Fighting Financial Advisor Anxiety: Part Two
May 6, 2014
by Sarah Scorgie
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David Einhorn's Greenlight Capital funds were up 11.9% for 2021, compared to the S&P 500's 28.7% return. Since its inception in May 1996, Greenlight has returned 1,882.6% cumulatively and 12.3% net on an annualized basis. Q4 2021 hedge fund letters, conferences and more The fund was up 18.6% for the fourth quarter, with almost all Read More
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Interactions with a personal touch make clients more comfortable opening up.
USA Today recently reported that many people suffer from “financial advisor anxiety” – nervousness that makes them reluctant to share the intimate details of their finances with an advisor. Last month, I discussed how to calm clients’ nerves with educational marketing strategies in Fighting Financial Advisor Anxiety: Part One. Now, I’ll discuss strategies for making your practice more relatable.
Six ways to make your firm more relatable
Nothing epitomizes the world of business like Wall Street – and misconceptions about aggressive financial planners create barriers to successful advisor-client partnerships. Making yourself relatable to future clients combats their anxiety and makes them more apt to engage.
- Put a face to a name. If you haven’t already, add headshots and brief bios of your staff to your website. The same goes for your social media pages. According to Forbes, LinkedIn pages with profile pictures are seven times more likely to be viewed than those without.
- Offer a behind-the-scenes look at your firm. Social media pages are a great place to let your firm’s personality show. Do you celebrate employees’ birthdays? Does your firm run in an annual charity race? Posting pictures of your business’ behind-the-scenes activities can give you an edge when it comes to relating with prospective clients. Of course, the level of formality you choose and the information you share should be tailored to your target audience.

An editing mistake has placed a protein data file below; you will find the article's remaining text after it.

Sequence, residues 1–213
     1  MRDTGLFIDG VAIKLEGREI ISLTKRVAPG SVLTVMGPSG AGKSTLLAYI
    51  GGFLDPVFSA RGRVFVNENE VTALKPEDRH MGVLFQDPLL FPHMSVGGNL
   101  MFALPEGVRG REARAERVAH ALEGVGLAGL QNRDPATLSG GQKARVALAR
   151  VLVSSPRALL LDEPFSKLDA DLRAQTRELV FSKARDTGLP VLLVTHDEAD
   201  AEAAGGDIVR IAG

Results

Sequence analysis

- Don’t be afraid to have fun. Finances are serious business – but don’t be afraid to increase clients’ comfort levels with informal events and seminars. Some advisors see better turnout when they host events that welcome clients’ entire families, rather than hosting strictly professional or educational seminars.
- Share personal details. Financial advisors have hectic schedules. But when you’re meeting with a prospect, don’t rush through the discovery process. Rather than structuring a meeting as a series of questions posed to the potential client, take the time to share details about yourself when appropriate. Finding shared interests will help develop a lasting client relationship more than just “talking shop.” Your clients trust you with their money, so it’s understandable that they want to understand who you are.
- Be responsive. If your company has social media pages, make sure they’re monitored daily to ensure that any messages, comments or questions are responded to promptly. The same goes for contact forms on your website or your firm’s inquiry email address. Nothing stunts a relationship faster than when a potential client reaches out and doesn’t hear back for days.
- Provide options for contact. Offering prospective clients several options for contact shows that you’re flexible and willing to accommodate them. Some may enjoy the personal touch of meeting face-to-face, while others prefer interacting via phone or email. Log this information in your customer-relationship management system. You can increase a potential client’s comfort level by using his or her preferred communication style.
Make clients comfortable
While establishing meaningful relationships is essential in any client-facing role, financial advisors may face additional challenges when it comes to building trust because people can be guarded when it comes to discussing their finances. By leveraging a personal approach and marketing strategies that educate and empower, you can make prospective clients more comfortable talking about money. In turn, the advice you provide will become more effective and help clients successfully achieve their financial goals.
Sarah Scorgie is a copywriter at Wealth Management Marketing, Inc., a firm that provides outsourced marketing department services to Registered Investment Advisors and fee-only financial planning firms. For more information, visit www.wealthmanagementmarketing.net.
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